Frequency Bonds Inference
3357 cm-1 (3190–3390) Broad peak Hydrogen bonded O-H Stretching of OH groups

Table 7: IR Interpretation of chlorphenesin with other excipients and aloe vera gel

Wavelength Group
2955.46 and 2915.18 cm-1 C-H Stretching of CH2 groups
1637, 1470.52 cm-1 C=C Ring Stretching
1454.36 and 1386.47 cm-1 C-H bonding of CH2 Group
1268 cm-1 O–H Bonding
1098.71 cm-1 C–O–C
650 and 591 cm-1 C–Cl

Physical examination

The prepared topical creams were inspected visually for their color, homogeneity, consistency, spreadability and phase separation. The results are shown in table 8 and 9.

Determination of pH

Weigh about 5 gm of the cream and dispersed in 45 ml of water in a 100 ml beaker. The pH was determined at 27 °C using the pH meter. The results are shown in table 8 and 9 [9].


The viscosity of formulated creams was measured by Brook field Viscometer LVD using spindle S 94 at varying speed and shear rates. The measurements were done over the range of speed setting from 0.10, 0.20, 0.30, 0.40 and 0.50 rpm in 60 s between two successive speeds as equilibration with the shear rate ranging from 0.20 s-1 to 1.0 s-1. Viscosity determinations were performed at room temperature [10]. The results are shown in the table 10 and fig. 4

Table 8: Physico-chemical evaluation of formulation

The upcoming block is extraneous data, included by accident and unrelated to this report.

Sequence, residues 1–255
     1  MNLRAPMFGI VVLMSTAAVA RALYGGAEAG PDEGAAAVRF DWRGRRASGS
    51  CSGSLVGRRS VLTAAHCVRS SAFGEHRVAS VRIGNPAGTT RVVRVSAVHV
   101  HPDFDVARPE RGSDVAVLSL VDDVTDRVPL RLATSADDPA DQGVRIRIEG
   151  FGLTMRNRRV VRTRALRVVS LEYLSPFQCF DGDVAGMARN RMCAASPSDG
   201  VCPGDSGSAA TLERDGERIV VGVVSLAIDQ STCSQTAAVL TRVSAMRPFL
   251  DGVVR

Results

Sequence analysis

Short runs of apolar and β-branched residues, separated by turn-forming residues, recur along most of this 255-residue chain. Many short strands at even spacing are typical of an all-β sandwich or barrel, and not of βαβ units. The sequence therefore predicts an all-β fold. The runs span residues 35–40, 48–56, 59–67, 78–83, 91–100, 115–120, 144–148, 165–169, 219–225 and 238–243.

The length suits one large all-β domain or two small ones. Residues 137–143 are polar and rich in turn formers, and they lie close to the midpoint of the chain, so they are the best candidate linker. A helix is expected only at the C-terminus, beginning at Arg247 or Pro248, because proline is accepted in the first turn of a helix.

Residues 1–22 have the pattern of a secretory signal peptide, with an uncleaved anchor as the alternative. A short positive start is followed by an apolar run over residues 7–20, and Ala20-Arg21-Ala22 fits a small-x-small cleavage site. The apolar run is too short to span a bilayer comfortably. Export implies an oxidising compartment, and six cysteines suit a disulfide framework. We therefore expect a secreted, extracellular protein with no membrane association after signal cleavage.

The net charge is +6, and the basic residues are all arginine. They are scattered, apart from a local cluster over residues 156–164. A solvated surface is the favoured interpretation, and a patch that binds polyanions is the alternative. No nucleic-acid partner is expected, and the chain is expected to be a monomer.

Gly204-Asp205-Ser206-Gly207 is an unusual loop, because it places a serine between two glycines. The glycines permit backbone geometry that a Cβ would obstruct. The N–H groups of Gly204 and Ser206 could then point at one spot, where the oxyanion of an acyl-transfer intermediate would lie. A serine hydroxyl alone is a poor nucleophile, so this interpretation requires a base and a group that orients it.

S. No. Formulation code Appearance pH Consistency
1 F1 White 7 Poor(liquid)
2 F2 White 7.08 Creamy
3 F3 White 7.06 Hard (solid)
4 F4 White 7.1 Creamy
5 F5 White 6.8 Creamy
6 F6 White 6.86 Creamy
7 F7 White 6.81 Creamy
8 F8 White 6.8 Creamy (smooth)

All the above formulations contain 0.3% of Chlorphenesin, From the above results, F8 formulation is considered as the finally optimized formulae, and that formulation was evaluated with the process such as homogenizer speed (RPM), time of homogenization, water bath temperature, sampling points. Further studies is carried out and are evaluated for parameters such as pH, spread ability, drug content, diffusion and stability studies.

Table 9: Physico-chemical evaluation of F8 formulation and marketed product

Trial code Appearance pH Drug content Tube extrudability Spreadability
1 Marketed product White 6.8 98.42 98.7% 18.3
2 F8 White 6.7 97.60 98.6% 18.5

Table 10: Viscosity data of prepared cream formulation F8 containing 0.3% of chlorphenesin

S. No. RPM Centripois Torq
1 10 287 2.3
2 20 192 3.2
3 30 148 3.7
4 50 120 5
5 60 104 5.4
6 100 82 6.9

Fig. 4: Viscosity v/s speed (RPM) for formulation F8

Tube extrucibility

In the present study, the method adopted for evaluating cream formulation for extrudability was based upon the quantity in percentage cream extruded from tube on the application of finger pressure. More quantity extruded better the extrudability.

The formulations under study were filled in a clean, lacquered aluminum collapsible 5 grams tube with a nasal tip of 5 mm opening. The pressure was applied on the tube by holding it in between the thumb and index finger for 1 sec. Tube extrudability was then determined by measuring the amount of cream extruded through the tip when the pressure was applied [8]. The results are shown in table 8.

In vitro drug diffusion